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How we write readable feature tests with RSpec

Chris Zetter, a developer in the FutureLearn product team, talks about how the team writes feature tests after moving from Cucumber to RSpec in the pursuit of maintainable and readable tests.

Testing is an integral part of building and maintaining a large platform. When we build new parts of the FutureLearn platform we write automated feature tests to document how the new feature should work and to let us know when it doesn’t.

Cucumber Love-hate

Cucumber is a commonly used tool for writing feature specs, and seemed like the obvious choice to use when we started the project. It let us write high level behaviour driven tests from the user’s perspective:

We liked Cucumber because it meant the tests were very easy to create from our user stories, and once written, easy to read. However, there were a few downsides to using Cucumber. Firstly, we were already using RSpec for the rest of the project, so having Cucumber meant another test framework dependency that we had to maintain. Secondly, there was a cognitive overhead of switching between them because of the different DSLs and test runners. Finally, we particularly didn’t like Cucumber’s use of regular expressions, because they made it harder to follow what code is being executed when tests are run as compared to standard method invocation in Ruby.

Writing better RSpec features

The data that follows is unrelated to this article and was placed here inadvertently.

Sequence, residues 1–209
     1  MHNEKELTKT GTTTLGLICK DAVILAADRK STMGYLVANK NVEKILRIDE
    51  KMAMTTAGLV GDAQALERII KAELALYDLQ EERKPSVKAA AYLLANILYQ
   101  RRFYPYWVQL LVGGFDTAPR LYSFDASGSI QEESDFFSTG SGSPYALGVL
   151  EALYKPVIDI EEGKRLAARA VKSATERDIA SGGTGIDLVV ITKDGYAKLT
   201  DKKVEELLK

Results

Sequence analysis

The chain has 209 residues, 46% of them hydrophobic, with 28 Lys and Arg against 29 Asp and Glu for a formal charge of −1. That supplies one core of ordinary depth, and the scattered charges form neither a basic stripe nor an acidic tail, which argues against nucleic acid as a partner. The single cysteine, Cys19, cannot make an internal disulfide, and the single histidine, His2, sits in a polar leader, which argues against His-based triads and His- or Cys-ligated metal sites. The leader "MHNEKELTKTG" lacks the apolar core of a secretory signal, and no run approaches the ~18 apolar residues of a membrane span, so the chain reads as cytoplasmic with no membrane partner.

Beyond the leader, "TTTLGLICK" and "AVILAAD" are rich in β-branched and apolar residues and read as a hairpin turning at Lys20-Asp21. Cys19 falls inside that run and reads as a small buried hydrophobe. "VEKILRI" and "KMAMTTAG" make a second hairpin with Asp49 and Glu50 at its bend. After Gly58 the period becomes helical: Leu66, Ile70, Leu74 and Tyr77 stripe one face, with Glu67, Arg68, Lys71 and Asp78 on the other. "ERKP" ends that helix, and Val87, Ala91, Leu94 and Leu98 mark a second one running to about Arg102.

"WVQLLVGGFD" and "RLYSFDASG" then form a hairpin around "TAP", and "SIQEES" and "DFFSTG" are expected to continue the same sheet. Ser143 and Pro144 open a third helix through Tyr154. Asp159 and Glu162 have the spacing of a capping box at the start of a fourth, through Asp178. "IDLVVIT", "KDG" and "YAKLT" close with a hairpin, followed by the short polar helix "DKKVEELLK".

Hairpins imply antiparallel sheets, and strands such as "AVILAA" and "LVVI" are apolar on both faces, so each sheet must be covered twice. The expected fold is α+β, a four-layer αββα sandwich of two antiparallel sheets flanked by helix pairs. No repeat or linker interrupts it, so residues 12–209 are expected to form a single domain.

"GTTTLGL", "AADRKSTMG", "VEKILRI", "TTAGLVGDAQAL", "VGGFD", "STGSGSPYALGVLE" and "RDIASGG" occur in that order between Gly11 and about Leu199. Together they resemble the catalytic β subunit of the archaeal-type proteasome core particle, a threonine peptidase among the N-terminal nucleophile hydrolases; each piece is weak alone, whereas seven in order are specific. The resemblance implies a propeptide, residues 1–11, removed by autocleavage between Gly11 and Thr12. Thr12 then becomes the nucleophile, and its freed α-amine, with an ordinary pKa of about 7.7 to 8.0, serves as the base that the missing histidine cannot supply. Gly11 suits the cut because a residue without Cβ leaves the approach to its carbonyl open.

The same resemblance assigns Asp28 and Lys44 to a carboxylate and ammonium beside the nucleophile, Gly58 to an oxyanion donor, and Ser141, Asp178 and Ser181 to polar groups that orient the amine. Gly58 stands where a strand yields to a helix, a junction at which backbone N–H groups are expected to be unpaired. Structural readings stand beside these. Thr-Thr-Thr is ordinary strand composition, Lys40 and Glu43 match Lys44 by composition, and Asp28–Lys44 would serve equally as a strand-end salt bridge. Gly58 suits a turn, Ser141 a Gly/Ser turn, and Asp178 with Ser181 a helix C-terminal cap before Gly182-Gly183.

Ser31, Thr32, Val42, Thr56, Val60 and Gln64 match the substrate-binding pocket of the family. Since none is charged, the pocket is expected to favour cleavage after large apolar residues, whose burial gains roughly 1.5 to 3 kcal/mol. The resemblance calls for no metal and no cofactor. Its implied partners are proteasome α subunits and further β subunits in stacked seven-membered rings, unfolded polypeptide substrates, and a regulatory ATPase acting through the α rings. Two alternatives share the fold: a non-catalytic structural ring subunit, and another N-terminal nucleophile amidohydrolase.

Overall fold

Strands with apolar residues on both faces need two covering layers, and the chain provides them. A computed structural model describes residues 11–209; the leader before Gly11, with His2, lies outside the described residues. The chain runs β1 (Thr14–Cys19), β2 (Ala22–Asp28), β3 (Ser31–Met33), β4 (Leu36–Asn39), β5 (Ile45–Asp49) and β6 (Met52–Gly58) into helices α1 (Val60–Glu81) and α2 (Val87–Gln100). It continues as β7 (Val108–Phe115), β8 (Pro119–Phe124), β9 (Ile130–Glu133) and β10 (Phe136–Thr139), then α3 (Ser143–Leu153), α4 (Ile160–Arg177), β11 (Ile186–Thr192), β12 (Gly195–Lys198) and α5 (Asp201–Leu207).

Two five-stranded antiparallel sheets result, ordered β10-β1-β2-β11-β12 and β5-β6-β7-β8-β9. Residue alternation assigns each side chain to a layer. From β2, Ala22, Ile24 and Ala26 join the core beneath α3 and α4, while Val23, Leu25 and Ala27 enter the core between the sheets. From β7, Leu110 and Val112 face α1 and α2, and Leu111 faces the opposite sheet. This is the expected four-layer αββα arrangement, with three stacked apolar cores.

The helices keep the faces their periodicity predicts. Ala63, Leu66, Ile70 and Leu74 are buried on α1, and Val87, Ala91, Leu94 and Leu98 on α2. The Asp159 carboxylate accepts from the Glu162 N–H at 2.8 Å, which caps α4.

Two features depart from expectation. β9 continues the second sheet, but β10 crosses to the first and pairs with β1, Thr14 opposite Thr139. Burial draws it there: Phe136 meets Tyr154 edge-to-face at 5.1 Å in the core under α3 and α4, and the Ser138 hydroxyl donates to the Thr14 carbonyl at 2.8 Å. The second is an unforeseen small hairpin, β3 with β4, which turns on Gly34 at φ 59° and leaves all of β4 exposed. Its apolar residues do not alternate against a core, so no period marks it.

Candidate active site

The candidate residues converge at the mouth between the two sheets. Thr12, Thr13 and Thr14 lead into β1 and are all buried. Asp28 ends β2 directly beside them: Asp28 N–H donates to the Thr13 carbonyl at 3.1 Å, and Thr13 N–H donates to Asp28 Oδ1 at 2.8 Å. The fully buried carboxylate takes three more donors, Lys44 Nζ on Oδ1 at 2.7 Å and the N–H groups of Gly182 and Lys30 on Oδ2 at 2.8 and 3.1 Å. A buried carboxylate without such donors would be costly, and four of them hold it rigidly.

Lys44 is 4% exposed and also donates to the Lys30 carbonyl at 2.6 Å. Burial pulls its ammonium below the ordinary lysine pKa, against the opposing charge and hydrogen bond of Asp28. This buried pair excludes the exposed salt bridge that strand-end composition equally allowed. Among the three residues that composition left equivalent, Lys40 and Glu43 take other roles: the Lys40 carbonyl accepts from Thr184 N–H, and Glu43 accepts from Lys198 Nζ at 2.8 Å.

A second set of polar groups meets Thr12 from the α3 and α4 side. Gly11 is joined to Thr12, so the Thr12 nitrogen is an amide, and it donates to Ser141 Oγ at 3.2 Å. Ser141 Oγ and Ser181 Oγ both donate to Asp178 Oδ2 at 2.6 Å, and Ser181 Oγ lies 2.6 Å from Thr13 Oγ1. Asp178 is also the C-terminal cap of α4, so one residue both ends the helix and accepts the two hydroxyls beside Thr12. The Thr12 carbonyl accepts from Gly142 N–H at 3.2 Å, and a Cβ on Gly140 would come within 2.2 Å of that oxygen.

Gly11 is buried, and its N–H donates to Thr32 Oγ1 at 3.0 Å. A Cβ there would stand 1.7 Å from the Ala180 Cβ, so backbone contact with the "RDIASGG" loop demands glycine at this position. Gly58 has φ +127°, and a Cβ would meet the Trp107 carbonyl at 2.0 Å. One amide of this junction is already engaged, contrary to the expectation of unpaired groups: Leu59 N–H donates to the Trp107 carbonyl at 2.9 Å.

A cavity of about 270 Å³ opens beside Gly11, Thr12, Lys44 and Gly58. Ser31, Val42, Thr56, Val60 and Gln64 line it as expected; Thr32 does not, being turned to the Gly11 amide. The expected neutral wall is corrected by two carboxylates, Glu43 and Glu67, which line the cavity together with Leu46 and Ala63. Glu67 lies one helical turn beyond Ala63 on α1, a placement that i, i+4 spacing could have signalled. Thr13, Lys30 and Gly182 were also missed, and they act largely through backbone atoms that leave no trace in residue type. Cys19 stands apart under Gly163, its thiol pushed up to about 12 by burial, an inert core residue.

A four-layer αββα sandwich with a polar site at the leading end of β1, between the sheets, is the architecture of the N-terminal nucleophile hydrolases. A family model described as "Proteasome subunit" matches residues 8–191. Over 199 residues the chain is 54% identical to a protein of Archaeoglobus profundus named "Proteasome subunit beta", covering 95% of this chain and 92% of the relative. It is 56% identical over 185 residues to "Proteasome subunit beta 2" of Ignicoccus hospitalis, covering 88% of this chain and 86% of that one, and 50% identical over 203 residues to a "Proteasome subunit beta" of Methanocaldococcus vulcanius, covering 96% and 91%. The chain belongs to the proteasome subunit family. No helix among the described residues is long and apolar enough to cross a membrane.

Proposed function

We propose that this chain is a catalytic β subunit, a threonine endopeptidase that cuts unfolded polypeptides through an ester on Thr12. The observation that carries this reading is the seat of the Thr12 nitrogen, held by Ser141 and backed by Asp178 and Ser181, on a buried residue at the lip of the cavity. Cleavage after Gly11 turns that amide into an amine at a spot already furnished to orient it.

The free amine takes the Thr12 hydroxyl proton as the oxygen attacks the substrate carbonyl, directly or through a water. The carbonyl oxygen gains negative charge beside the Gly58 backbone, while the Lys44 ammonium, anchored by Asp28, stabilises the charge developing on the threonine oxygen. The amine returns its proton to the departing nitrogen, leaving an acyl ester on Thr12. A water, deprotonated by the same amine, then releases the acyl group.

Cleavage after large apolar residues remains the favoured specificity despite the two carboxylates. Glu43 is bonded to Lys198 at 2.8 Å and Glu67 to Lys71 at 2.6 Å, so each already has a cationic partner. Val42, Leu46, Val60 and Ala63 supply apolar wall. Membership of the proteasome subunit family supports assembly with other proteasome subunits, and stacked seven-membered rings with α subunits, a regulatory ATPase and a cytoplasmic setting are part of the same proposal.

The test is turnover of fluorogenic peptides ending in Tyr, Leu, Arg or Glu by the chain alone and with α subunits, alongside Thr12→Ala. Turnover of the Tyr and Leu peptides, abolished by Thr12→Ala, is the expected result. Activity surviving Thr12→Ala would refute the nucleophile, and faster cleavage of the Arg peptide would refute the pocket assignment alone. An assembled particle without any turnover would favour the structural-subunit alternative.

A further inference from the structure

So, how could we stop using Cucumber but keep the readable tests that we liked?

We had already started using RSpec features instead of Cucumber, and often they looked like this:

These had a tendency to be quite long, making it difficult to understand what they were testing. There is also no clear separation between the Arrange, Act, Assert parts of the test (known as ‘Given’, ‘When’ and ‘Then’ in the language of Cucumber). We tried adding comments to the steps in the code, but found that these suffered the same fate as comments often do in application code: after time they get out of sync with the actual code.

Typically, a method this long elsewhere in our application code would have been a red flag, which we’d normally refactor through the therapeutic act of method extraction. So why not do just that? Let’s extract those lines and name each method in the same style as a Cucumber step:

What we found

We’ve since removed all of our Cucumber features and converted most of them to these new style RSpec feature specs. They retain the benefit of readability that Cucumber previously provided, yet are much easier to write and maintain.

We made a conscious decision not to optimise for code-reuse of our extracted methods between different feature files as we were worried that it would make the tests harder to follow. We have found that some code reuse tends to happen naturally when writing multiple scenarios around a single feature.

Category Making FutureLearn